Looking for a cost-effective way to improve your LinkedIn lead generation? Wondering how to engage more effectively as your business on LinkedIn?
In this article, you’ll learn how to use valuable LinkedIn page features including organic lead generation forms, company page engagement tools, event promotions, and more.
#1: Organic LinkedIn Lead Gen Forms
For years, LinkedIn has allowed businesses to advertise their products and services via native lead gen forms. Ideal for business-to-business (B2B) companies, these forms collect prospects’ contact information and other relevant details without making them click away from LinkedIn.
Along with using lead gen forms as a paid tactic on LinkedIn, you can now incorporate them into your organic social media strategy. As of June 2022, you can create a lead gen form to display on your company page, giving you an opportunity to convert organic visitors.
Why You Should Create a Lead Gen Form for Your Page
Should you take the time to set up a lead gen form? While the network hasn’t shared analytics for organic lead forms yet, the results from paid lead gen forms are pretty impressive.
According to LinkedIn, native lead gen forms convert at a 5x higher rate than linked landing pages. In addition, the network’s lead conversion rates outpace other platforms by 3x. To see if native lead forms work for your business, add one to your page and compare the results against those from the landing page in your custom button.
How to Create a Lead Gen Form for Your Company Page
To create an organic lead gen form, navigate to your LinkedIn company page. In the left-hand menu, scroll past the page analytics and click the Add Lead Gen form link. Click to review the LinkedIn Page Terms, and then switch on lead gen forms.
Then start building your form. Begin by choosing a call-to-action (CTA) button that fits your offer. “Get started” is likely to work for top-of-funnel prospects, while “Request a demo” and “Start free trial” have the potential to attract more serious decision makers. “Contact Sales” is ideal for a wider range of prospects seeking more information about your business.
LinkedIn’s organic lead forms also support customized headlines and copy but the character limits are relatively small. You get 50 characters for an attention-grabbing headline and 200 characters for a brief introduction and explanation of what users can expect after filling out your lead form.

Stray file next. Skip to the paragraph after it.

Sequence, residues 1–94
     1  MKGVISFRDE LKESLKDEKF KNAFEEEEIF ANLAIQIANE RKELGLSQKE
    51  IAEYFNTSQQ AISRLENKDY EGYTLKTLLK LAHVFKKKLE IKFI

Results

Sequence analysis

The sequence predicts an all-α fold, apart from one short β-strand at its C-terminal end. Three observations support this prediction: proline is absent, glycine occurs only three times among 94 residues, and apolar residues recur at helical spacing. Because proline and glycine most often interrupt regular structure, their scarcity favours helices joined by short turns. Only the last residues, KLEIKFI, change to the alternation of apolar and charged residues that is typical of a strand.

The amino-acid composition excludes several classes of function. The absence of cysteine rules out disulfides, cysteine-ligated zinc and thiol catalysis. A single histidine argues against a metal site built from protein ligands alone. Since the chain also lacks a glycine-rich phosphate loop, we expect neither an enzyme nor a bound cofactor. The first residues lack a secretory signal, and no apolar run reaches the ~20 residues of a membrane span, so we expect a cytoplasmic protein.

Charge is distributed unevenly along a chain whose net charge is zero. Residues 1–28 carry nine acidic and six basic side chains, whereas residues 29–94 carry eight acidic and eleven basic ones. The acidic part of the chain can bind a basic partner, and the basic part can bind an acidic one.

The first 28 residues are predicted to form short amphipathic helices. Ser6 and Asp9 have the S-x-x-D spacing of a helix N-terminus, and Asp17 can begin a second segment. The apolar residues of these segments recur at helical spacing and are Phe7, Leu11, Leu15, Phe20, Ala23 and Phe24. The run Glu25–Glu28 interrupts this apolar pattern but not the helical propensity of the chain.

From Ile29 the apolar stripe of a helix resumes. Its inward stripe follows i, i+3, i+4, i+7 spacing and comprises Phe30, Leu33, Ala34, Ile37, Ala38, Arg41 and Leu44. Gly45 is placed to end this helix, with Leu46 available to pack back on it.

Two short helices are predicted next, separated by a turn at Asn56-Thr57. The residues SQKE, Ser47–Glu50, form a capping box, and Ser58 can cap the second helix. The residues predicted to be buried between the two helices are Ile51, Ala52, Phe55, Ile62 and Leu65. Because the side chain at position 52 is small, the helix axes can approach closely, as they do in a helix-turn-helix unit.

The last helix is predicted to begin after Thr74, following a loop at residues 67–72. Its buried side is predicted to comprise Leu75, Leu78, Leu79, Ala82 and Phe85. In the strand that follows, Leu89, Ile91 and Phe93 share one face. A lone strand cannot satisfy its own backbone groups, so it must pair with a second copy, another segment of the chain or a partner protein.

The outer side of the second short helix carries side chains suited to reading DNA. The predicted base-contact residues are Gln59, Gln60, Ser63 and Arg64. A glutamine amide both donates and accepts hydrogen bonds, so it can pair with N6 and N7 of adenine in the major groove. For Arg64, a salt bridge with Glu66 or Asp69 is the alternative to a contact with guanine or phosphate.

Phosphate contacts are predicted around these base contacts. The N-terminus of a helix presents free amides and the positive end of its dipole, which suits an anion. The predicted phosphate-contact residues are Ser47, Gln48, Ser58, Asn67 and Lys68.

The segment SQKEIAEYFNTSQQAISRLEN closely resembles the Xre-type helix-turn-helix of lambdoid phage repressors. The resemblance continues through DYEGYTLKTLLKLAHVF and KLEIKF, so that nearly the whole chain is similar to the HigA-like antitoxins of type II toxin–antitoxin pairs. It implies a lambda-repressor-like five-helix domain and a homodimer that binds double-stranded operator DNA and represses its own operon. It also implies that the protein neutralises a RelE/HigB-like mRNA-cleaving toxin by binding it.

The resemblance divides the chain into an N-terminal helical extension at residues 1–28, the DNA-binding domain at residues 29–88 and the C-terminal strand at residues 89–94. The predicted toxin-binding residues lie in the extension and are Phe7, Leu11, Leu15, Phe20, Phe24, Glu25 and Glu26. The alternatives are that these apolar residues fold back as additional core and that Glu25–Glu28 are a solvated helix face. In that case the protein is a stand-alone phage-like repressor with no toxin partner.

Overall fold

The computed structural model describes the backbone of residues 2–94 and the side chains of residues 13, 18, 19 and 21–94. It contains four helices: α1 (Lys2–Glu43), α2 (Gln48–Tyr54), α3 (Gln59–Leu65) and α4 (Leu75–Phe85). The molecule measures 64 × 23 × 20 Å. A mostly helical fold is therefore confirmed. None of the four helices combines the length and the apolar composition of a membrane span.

Unlike paid lead gen forms, these organic forms don’t allow you to configure custom questions. Instead, company page lead forms automatically collect members’ first and last names, company names, job titles, and email addresses, with no option for requesting additional information.
What does that mean for your business? Since you can’t collect many specific details from one of these lead forms, you’ll need to do so after receiving a submission from a prospect. It’s a good idea to have a workflow in place so you can process lead forms efficiently. For example, you may want to ask a few qualifying questions or ask prospects to schedule a call.
How to Access Your Company Page Leads
Once you create an organic lead gen form, it appears on your company page, directly underneath the About section. Any LinkedIn member can fill out the form to get in touch with your sales team.
You can track the form’s performance and access leads from your company page. Scroll to the place you started creating your lead form directly below your page’s analytics. Now you can see your lead form analytics, including a total tally of new leads for the past 30 days.
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Click the New Leads box to access more details. You can see the status of your lead form and the number you’ve accumulated overall and in the last 30 days. You can also click the Download button to collect contact details and get in touch with your leads. Note that lead data is available for only 90 days after submission.
#2: Paid Promotion for LinkedIn Company Page Events
Over the past 18 months, LinkedIn has rolled out a variety of tools such as LinkedIn Live to help you host more successful events. As of June 2022, company pages can now boost LinkedIn events and sponsor LinkedIn Live events to maximize attendance.
How to Boost a LinkedIn Event
Start by creating an event for your company page. From the LinkedIn feed, click to create a new event. Select your page as the organizer, and choose the event type: online, in person, or LinkedIn Live. Then set a date and time and write a brief title and description.